Biden (D)(1): “Biden, Bernie forces clash during convention meeting: [Politico]. “A Democratic Party meeting that leaders hoped would project unity weeks ahead of the national convention instead broke out into a behind-the-scenes feud over corporate money in politics….. The spat began when Brent Welder, a Sanders appointee on the convention’s rules committee, proposed a resolution to change the party charter to refuse all corporate PAC dollars and limit corporate lobbyists from serving on the DNC for several years. A Biden appointee called for it to be tabled, which some Sanders appointees said caught them off guard. ‘Tabling until when?’ asked Welder. ‘Generally, until someone makes a successful motion to take it off the table,” replied former Rep. Barney Frank, the co-chair of the meeting. ‘After the committee expires, if no one has moved to take it off the table successfully, then it dies with the committee.’ ‘Wow, that doesn’t make any sense at all,’ said Welder. Jillian Johnson, a Sanders appointee on the committee, said other Sanders supporters urged that the proposal be brought to a vote in the closed-door breakout room by changing the background images on their screens to reflect their support. She said some Biden appointees chastised progressives over it. ‘You’re acting like children,’ someone said, and, ‘You were going to lose anyway, so get over it,” she said. ‘And then the host just closed the meeting so we couldn’t see each other anymore.’” • Frank is right on the procedure, and right on the merits, if you want Big Donors to run the Democrat Party (and eliminate self-dealing by DNC members who are also campaign strategists). But holy moley, Sanders people, buy a copy of Robert’s Rules!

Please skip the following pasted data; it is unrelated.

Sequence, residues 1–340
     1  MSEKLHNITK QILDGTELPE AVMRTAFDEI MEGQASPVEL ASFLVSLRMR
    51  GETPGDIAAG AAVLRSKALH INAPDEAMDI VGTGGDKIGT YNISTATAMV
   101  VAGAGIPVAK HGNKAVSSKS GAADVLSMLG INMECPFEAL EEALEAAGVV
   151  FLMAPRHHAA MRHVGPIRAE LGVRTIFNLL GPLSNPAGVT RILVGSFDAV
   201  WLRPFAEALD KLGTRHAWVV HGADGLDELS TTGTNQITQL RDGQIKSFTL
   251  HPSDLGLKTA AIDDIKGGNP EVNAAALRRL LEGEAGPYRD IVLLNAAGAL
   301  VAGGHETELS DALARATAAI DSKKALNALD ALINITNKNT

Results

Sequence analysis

Trump (R)(1): “Trump’s Unfitness For Office” [Rod Dreher, The American Conservative]. “Trump had a phenomenal opportunity, and though he certainly faced hostile and clever enemies (as all presidents do), he blew that opportunity by governing badly. If he were only a tiny bit of the hard man his enemies think he is, wokeness would not be saturating US Attorneys offices in the Department of Justice…. It’s so depressing. I have never been as concerned as I am now about Democratic Party rule, because they’ve never been so radical. But I also haven’t lost so much confidence in a Republican presidency since the end of the George W. Bush administration. Please spare me the shopworn ‘at least he fights’ excuse. If he fights, then he fights like a barroom drunk swinging wildly and ineffectively. As MBD points out, he hasn’t accomplished much. Trump performs the role of a fighting president. His presidency is like professional wrestling: it only looks like combat.” • Dreher certainly has an odd concept of “radical.” Worth a read for the bill of particulars.